Cycling is becoming more popular, and with the rise in popularity comes a rise in the number of accidents involving bicycles. Frequently, bike accidents are caused by an inattentive driver. In that case, the at-fault driver’s insurance should cover your injuries.
If you have your own automobile insurance, you may use the Personal Injury Protection (PIP) benefits of your automobile policy to pay for your medical bills and lost wages even though you were on a bicycle rather than in your car. As long as your injury was caused by a motor vehicle, your motor vehicle insurance policy must provide medical and wage loss benefits.
The Top 3 Most Common Bicycle Accidents that may lead you to needing a Bike Accident Attorneys in Oregon at Andersen & Linthorst law firm and How to Avoid Them
While there is an unlimited combination of contributing scenarios in crashes involving bicyclists and motorists, I have seen a pattern in my many years of examining these occurrences and representing hurt bicyclists. As a bicyclist, if you understand the most common issue areas on the road, and ride properly and defensively, much of these crashes can be prevented. Be aware of these potentially unsafe scenarios, and keep in mind my ideas for preventing these situations while riding.
The Left Hook
The most typical mishap situation in roadway biking is the left hook. A left-turning car stops working to accept the approaching cyclist in the opposite lane, and either runs the bicyclist down outright, or the cyclist hits the turning car’s front guest side fender.
Undoubtedly, the motorist will admit that he just “never saw” the cyclist, or claim it was the cyclist’s fault due to the fact that he/she “simply came out of nowhere” and needed to have been riding too quickly. Generally, of course, neither holds true. The cyclist didn’t “come out of no place” – she or he showed up in the technique the whole time. And he most likely wasn’t going beyond the speed limitation, either. What causes these mishaps is the basic fact that the human brain frequently stops working to “see” smaller objects like bikes since it is truly on the lookout for cars and trucks, trucks, and buses.
The method to avoid these mishaps is easy: never ever presume that an oncoming left-turning automobile can see you. And forget those things about “making eye contact” unless the vehicle driver particularly waves you forward. They might have made eye contact with you and they might not. So flight appropriately. Have a bail out option. And if one isn’t available, slow up and let the turning lorry total its turn. It might decrease the flow of your trip, but it could conserve you from a nasty crash.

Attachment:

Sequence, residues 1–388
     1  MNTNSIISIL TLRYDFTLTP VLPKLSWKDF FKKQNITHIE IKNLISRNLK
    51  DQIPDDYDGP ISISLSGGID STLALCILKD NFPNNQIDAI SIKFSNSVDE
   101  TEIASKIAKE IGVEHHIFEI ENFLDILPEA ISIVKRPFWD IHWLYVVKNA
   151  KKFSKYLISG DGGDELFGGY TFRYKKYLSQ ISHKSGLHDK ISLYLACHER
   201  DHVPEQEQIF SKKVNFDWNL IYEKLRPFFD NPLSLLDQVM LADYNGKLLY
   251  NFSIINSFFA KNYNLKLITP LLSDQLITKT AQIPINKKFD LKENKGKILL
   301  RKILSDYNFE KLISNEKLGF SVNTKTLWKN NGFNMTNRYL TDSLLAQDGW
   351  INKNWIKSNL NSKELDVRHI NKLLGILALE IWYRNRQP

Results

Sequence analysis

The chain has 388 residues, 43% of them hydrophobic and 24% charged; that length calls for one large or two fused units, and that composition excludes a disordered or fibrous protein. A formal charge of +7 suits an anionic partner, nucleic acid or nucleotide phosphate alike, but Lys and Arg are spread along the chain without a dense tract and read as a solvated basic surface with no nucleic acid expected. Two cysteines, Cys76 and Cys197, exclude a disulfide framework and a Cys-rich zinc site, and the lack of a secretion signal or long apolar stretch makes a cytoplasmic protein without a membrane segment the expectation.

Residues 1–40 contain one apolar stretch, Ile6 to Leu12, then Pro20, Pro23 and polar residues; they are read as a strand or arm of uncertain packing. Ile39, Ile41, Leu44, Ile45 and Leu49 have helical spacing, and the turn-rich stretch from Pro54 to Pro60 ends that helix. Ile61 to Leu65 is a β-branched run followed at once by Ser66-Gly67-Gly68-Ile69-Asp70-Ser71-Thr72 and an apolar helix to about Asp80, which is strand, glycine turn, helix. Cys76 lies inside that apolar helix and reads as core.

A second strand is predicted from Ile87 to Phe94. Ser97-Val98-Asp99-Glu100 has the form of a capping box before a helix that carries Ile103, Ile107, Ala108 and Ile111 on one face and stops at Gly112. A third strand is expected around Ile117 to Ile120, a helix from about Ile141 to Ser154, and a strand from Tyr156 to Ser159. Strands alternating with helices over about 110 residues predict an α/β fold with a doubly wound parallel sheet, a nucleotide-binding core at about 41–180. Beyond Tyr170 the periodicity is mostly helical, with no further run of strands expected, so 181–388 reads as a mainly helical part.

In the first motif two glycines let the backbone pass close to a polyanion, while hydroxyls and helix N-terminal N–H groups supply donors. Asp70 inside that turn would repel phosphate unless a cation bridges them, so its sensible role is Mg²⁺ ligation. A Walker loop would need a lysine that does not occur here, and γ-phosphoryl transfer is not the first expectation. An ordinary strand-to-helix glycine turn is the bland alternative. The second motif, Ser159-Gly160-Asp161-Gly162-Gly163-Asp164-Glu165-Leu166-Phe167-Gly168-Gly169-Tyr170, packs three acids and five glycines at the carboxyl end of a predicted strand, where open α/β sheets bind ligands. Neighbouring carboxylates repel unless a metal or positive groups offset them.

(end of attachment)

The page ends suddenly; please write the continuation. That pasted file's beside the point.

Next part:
The Right Hook
The best hook is the second most typical circumstance, and it can be devastating. A driver passes a cyclist left wing, and then makes a right hand turn directly into the path of the bicyclist without signaling or otherwise examining his right-hand man mirror to make certain that the coast is clear. I never cease to be astonished at how chauffeurs can “forget” about the presence of a slower moving cyclist that they simply passed mere seconds prior to making that right hand turn straight into the cyclist’s course. In my view, it returns to the brain’s non-recognition of the cyclist. The chauffeur can see the bicyclist, but it just does not register in his or her cognitive thought. If you want to learn more about right hooks you may need to reach out to a bike accident attorney in Oregon at the law offices of Andersen & Linthorst.
The third most typical wreck is when the cyclist just rides out into a street from a cross street or driveway, and fails to accept the cross traffic. For the most part, this is a “failure to yield” situation on the part of the cyclist, not the cars and truck, and fault will usually rest with the bicyclist in terms of a claim for damages. It should go without saying that before entering any road, stop, look, and wait as long as required to make a safe entry into the flow. Your life depends on it.
If you wish to learn more about this topic or other essential details about safeguarding your legal rights in a mishap, call a bike accident Attorney in Oregon at Andersen & Linthorst.
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